Friday, June 13, 2008

Viva la Tex-Mex.

We had been kicking ourselves (actually, A. was kicking me, as she is not old enough to rent a car) for not renting a car for our trip to Houston. Which was really not worth it in my mind, as we have been in seminars and workshops and lectures for most of the time, save for one afternoon spent at the Houston Space Center and a few trips to the Galleria Mall after dinner (a sweater and dress I had seen in Barneys that just would not go on sale, for 75% off? WHY YES PLEASE). On the other hand, it limits our dining options to the hotel restaurant (not worth thinking about) or the Galleria across the street (ditto). Until we noticed that the hotel has a shuttle available for restaurants within a one-mile radius. Again, this limits us somewhat, as our hotel is in a more expensive area of the city, and most of the restaurants in the neighborhood are chains, or more expensive than we would like, or expensive chain restaurants, none of which I would go to even in Seattle. (Although ur first night we wound up at the Cheesecake Factory. The last time I ate at a Cheesecake Factory, I was in college).

Somehow we wind up at Escalante, which appears to be part of a chain of local Tex-Mex restaurants, quite upscale but not hugely expensive. Tired of the omnipresent air-conditioning - this entire trip I have been wearing just as many clothes as I have been wearing back home, except when actually walking around outside - we choose an outdoor table. It is warm, but not unpleasantly so, as there is a breeze and the sun is going down. We order drinks (after the past few days, I think a mojito is in order) and our dinner and settle in with a pile of tortilla chips (lighter and crisper than anything found in a plastic bag in the supermarket) and salsa. I never eat chips and salsa, in fact, I never eat Mexican food (or Tex-Mex) unless it is someone else's choice. (Which is why I always have trouble deciding what to order).

On the way back from the bathroom I notice a server making guacamole tableside, mashing avocados plucked from a pile on her trolley. I rush back to our table and order the guacamole for ourselves. Unfortunately, we've left it a bit late, and the guacamole server has only just finished mashing fresh (she splits two avocados in half and scoops them into the serving bowl) avocados with "everything," onions and cilantro and tomatoes, when our main courses arrive. We dig in, and it is all extremely good, from the fresh tortillas wrapped around grilled steak and ground beef (I have ordered some combination of enchilada - the ground beef - and soft taco - the grilled steak) and the made-in-front-of-us guacamole. The table behind us is asking their server about the tomatoes, but I figure any restaurant that uses fresh tomatoes in just about everything would be very careful about, you know, not giving their customers salmonella.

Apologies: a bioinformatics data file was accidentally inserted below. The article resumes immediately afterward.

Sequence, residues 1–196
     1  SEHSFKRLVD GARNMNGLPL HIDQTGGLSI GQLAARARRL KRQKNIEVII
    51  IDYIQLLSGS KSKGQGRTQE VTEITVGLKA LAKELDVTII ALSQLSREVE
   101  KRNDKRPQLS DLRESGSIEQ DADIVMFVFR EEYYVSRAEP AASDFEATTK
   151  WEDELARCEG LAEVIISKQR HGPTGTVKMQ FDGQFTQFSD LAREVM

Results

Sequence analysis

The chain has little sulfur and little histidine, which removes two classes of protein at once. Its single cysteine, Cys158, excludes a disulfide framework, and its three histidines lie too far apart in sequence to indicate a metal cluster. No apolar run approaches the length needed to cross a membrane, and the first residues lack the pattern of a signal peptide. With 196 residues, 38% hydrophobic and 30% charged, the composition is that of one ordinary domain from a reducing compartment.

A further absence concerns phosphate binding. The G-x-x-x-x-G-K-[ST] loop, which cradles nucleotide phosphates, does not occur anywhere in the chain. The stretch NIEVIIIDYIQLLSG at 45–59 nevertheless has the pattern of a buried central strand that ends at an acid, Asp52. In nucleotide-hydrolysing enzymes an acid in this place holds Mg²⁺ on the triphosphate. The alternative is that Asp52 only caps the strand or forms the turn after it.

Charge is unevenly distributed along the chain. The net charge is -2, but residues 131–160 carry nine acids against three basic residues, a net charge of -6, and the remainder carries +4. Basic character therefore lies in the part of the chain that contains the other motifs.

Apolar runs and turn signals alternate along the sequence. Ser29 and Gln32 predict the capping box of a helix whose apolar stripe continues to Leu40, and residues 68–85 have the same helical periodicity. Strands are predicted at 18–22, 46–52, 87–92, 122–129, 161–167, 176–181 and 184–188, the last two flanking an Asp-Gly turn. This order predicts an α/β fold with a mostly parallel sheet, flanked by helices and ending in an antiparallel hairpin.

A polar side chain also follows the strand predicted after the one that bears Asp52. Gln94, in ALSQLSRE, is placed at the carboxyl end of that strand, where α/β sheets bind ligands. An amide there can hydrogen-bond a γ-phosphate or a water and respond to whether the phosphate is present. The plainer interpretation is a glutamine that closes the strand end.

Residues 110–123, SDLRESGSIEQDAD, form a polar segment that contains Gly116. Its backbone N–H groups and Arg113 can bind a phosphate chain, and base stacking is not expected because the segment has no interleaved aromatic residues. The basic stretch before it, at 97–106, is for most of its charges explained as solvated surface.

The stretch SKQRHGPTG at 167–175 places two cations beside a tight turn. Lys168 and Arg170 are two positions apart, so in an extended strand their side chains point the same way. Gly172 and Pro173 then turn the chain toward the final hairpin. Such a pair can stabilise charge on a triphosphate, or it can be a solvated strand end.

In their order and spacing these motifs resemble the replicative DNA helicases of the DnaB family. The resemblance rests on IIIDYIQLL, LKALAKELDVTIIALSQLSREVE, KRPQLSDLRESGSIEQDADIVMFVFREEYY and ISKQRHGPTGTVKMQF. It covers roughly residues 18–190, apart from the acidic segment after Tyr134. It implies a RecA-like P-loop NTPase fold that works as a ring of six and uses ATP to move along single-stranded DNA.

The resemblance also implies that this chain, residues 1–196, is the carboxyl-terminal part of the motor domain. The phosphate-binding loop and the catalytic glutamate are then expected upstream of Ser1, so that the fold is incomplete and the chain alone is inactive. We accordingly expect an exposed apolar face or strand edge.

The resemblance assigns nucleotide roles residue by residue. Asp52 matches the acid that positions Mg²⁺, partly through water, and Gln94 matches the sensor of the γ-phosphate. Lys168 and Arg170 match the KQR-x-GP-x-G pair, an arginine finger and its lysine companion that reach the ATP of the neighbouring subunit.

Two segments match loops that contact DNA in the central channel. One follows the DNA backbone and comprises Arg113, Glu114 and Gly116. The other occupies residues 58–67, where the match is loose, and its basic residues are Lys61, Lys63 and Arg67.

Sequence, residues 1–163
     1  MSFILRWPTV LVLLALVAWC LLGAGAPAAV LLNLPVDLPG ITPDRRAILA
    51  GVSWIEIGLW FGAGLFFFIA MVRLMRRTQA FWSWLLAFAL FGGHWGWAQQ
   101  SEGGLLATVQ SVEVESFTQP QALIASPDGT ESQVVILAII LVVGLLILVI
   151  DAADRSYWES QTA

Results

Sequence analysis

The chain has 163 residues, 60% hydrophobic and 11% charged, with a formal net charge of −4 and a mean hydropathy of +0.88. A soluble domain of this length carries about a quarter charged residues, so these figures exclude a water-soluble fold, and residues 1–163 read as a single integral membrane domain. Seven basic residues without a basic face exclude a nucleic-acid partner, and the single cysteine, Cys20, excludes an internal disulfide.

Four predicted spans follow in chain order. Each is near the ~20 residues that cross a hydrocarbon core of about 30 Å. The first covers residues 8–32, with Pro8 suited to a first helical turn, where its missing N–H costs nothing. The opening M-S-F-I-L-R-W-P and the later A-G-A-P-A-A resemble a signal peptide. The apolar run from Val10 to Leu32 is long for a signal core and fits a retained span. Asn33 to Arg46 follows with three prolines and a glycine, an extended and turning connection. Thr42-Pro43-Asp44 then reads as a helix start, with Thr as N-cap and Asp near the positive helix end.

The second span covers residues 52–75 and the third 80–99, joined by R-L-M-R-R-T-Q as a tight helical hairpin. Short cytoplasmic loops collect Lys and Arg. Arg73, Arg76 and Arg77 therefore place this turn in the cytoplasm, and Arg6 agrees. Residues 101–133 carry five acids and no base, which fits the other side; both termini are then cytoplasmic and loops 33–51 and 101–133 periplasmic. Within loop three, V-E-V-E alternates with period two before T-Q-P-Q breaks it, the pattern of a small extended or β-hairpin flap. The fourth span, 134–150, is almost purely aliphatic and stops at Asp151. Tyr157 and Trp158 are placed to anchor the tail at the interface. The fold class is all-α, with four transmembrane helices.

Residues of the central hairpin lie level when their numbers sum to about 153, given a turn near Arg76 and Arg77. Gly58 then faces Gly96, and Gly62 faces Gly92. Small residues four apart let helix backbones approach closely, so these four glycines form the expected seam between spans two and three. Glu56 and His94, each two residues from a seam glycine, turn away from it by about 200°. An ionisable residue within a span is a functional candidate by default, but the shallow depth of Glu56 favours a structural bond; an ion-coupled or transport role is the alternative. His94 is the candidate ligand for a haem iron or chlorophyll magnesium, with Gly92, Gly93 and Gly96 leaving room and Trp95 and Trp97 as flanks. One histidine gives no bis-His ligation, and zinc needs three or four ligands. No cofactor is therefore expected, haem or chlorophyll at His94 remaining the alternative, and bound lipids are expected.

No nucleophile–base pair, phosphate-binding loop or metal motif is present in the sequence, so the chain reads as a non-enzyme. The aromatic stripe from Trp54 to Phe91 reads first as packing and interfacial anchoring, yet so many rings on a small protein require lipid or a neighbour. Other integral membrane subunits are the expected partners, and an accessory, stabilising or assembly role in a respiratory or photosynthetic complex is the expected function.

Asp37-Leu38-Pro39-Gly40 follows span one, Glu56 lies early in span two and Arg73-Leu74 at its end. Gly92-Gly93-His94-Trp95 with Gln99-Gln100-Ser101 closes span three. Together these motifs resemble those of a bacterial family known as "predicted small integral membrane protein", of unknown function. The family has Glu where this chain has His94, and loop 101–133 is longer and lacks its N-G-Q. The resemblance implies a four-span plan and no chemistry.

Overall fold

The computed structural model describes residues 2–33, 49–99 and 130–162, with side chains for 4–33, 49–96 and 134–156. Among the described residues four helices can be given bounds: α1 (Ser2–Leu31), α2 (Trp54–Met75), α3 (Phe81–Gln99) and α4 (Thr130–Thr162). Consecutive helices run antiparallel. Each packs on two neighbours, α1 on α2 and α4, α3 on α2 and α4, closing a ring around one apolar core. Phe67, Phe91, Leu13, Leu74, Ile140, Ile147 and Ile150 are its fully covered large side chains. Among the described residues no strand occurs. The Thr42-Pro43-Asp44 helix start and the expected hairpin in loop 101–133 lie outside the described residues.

We eat nearly the entire bowl of guacamole (plus two baskets of chips) and are too full to even contemplate dessert. We don't even miss it.

1 comment:

Juanita said...

I think it's interesting to observe the regional variations in ethnic food offerings. In Kansas City, there are a huge number of Mexican restaurants from which to choose, but very few Thai places. The first time I really noticed the variety in ethnic offerings was when Paul and I drove to Toronto back in the late 80s. The further Northeast we traveled, the more Buffalo wings were offered. At the time, I don't think there was a single restaurant here dedicated to wings. Evidently Tex Mex isn't big in Seattle? Oh well, whether it is, or isn't, you're compensating nicely!

(Have you noticed there is no Mexican Food in England? How do they survive?)